However, if you are wearing something new, your “old” rabbit may come over, climb on you, and explore to find out what something new is since it smells differently. 

Nervousness or Fear 

Bunnies do get nervous, and they can climb on you because they feel nervous. 

If your bun is nervous, you’ll notice a stiff body posture and folded ears. Your bunny may also be breathing faster than normal, twitching its nose, and/or shaking in fear. 

Don’t try to pick your bunny up suddenly if you see your bunny is nervous or scared. Be gentle so you don’t scare your rabbit. 

If you are worried your rabbit is suffering a serious psychological condition, take them for a checkup at your local vet.   


If you approach your bunny and they are happy to see you, they may do the bunny happy dance by running circles around your feet. 

Part of the happy dance can also be trying to climb on you, jumping on you, or nudging you for some attention. 

Smells Something Different 

A rabbit’s nose is a lot more sensitive than a human’s nose, so even the slightest change of scent on you may have your rabbit coming over to investigate. 

Your rabbit could climb on you and sniff at you to see if you are the human they know and love. Or if you smell sweet, your bun could mistake the sweet scent as a treat that’s waiting for them. 

A Food Smell 

If you are eating something delicious, your bunny may climb on you in a request that you share or to investigate what it is that you are eating. 

There is lots of human food that you shouldn’t feed your bunny to keep them safe (like peanut butter and cookies), but if you are eating some fruit, then you can give your rabbit a bite.

Should Your Rabbit Climb on You? 

Your rabbit can climb on you as long as it doesn’t hurt you or your bun. 

Plus, if your rabbit climbs on you for good reasons, then climbing on you is ok.

Good climbing reasons are to comfort, to be comforted, to smell what you are eating, to show affection, to ask for attention, to be playful, out of curiosity, and in happiness. 

On the other hand, if your rabbit climbs on you to assert dominance, mark their territory (by spraying, especially), or bite you, then the climbing needs to stop. 

You also don’t want your bun to climb up high on you and then jump. This can result in serious injuries, broken bones, and even death for your bun.    

How Do You Tell If a Rabbit Likes You?

Not sure if your rabbit loves you? Rabbits are quite shy and it takes them a while to get used to you and warm up to you.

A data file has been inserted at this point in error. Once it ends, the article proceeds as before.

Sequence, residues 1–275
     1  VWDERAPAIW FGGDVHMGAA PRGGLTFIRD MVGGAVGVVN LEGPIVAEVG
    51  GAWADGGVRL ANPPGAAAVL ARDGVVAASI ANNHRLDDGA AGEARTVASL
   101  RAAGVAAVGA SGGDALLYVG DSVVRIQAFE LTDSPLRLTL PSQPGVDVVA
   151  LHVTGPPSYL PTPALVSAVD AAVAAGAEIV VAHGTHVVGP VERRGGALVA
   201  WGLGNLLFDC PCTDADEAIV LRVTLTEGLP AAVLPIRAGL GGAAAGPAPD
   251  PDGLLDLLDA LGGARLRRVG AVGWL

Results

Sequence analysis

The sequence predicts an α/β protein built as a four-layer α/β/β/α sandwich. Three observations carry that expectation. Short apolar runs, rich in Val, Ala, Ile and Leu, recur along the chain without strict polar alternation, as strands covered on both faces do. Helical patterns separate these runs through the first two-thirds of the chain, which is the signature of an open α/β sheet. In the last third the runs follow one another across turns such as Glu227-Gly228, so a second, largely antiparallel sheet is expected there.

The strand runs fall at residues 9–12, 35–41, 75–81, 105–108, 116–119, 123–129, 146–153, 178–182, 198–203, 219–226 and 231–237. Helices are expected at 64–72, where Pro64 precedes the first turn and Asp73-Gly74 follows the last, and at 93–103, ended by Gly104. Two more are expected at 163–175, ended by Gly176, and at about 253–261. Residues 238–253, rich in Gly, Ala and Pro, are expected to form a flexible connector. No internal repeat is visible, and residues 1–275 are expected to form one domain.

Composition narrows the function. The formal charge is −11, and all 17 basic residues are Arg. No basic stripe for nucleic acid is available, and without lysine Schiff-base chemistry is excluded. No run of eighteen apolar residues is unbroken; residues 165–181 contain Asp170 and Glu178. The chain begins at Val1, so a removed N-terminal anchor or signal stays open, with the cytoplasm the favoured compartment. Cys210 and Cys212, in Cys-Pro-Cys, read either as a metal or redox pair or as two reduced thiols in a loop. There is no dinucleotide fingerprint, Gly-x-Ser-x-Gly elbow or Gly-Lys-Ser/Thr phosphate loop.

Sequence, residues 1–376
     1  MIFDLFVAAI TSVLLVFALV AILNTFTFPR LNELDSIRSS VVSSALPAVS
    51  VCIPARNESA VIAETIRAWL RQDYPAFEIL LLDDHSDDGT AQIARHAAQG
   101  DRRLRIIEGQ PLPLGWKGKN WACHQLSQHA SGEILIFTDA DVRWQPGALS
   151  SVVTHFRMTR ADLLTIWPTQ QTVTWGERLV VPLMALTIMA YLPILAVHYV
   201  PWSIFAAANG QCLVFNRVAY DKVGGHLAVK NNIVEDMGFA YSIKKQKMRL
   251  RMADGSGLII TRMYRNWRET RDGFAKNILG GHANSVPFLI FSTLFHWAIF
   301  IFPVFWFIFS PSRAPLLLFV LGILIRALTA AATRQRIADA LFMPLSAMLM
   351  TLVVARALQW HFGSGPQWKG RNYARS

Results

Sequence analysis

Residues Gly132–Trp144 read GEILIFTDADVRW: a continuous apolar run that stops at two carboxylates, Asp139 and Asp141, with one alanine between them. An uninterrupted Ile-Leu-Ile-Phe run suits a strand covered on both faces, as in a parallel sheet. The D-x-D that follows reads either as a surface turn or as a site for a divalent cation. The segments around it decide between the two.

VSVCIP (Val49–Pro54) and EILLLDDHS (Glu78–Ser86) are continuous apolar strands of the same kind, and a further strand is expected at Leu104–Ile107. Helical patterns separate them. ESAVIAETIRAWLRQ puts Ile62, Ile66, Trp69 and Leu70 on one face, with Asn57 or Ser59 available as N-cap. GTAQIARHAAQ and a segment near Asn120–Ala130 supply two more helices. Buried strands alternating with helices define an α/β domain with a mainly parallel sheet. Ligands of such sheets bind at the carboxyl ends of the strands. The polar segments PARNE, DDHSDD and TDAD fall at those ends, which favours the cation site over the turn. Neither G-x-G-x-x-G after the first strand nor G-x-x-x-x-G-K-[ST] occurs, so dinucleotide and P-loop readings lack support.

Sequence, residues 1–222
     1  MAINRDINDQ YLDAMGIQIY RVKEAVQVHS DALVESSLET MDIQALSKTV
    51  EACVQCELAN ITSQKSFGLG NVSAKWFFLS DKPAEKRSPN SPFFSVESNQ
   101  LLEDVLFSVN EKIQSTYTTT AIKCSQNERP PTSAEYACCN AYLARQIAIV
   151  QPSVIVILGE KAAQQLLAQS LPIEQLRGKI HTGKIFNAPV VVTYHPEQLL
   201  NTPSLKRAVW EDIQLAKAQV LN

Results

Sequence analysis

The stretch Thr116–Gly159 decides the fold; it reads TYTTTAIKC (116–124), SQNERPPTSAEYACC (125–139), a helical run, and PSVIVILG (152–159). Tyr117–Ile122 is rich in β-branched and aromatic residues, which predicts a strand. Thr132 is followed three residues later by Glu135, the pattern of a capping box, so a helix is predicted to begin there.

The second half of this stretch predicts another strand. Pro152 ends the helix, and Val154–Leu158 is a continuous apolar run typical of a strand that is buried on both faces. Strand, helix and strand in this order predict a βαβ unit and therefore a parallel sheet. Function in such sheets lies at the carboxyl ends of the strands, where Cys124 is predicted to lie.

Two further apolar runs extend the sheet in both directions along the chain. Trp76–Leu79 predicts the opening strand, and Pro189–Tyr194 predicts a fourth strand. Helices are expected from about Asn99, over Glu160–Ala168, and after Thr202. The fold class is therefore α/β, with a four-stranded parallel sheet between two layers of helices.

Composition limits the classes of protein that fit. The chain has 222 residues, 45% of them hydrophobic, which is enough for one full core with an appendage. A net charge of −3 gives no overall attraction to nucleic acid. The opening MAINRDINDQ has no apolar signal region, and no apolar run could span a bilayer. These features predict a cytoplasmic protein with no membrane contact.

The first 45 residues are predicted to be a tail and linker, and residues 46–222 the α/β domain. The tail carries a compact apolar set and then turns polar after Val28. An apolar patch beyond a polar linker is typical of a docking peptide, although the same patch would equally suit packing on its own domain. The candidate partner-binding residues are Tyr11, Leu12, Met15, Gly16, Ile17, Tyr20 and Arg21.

If you want to know whether your fluffy-eared bestie likes you, look for these signs: 

  • Lay down next to you – your rabbit likes you if they flop down, sprawls down, or lays down next to you, content to not move away
  • Grooming – your rabbit will groom you by licking or lightly nipping you 
  • Circling – this is an exciting show of affection as your rabbit zooms around your feet 
  • Binkying – a happy rabbit binkies, so a rabbit that likes you will binky toward you  
  • Asks to be petted – your rabbit will nudge you in a request to be petted and they love the attention you give them 
  • Sit on your lap – this isn’t normal behavior for rabbits but a bun that likes you will happily sit on your lap 
  • Purring – a rabbit that grinds its teeth or purrs is happy and relaxed 

How Do Rabbits Show Affection to Humans?

Rabbits show affection to their humans in a variety of ways: 

  • Licking 
  • Nibbling 
  • Binkying 
  • Light headbutts to get head rubs  
  • Dancing around your feet 
  • Laying next to you and just chilling 
  • Making happy sounds like purring, clucking, honking, or oinking. 

My Last Bunny Thoughts 

Mostly, when a rabbit climbs on you it is simply rabbit behavior. And your bunny wants to communicate with you – whether it is to share their happiness, show that they like and trust you, or to dominate you. 

If you let your rabbit climb on you, make sure you and your bunny are safe.

Accidents and injuries are the last things you’d want. Plus, consider neutering your buck if you don’t plan to breed bunnies – it’ll eliminate dominance, spraying, and other aggressive behavior (like climbing on you for the wrong reasons).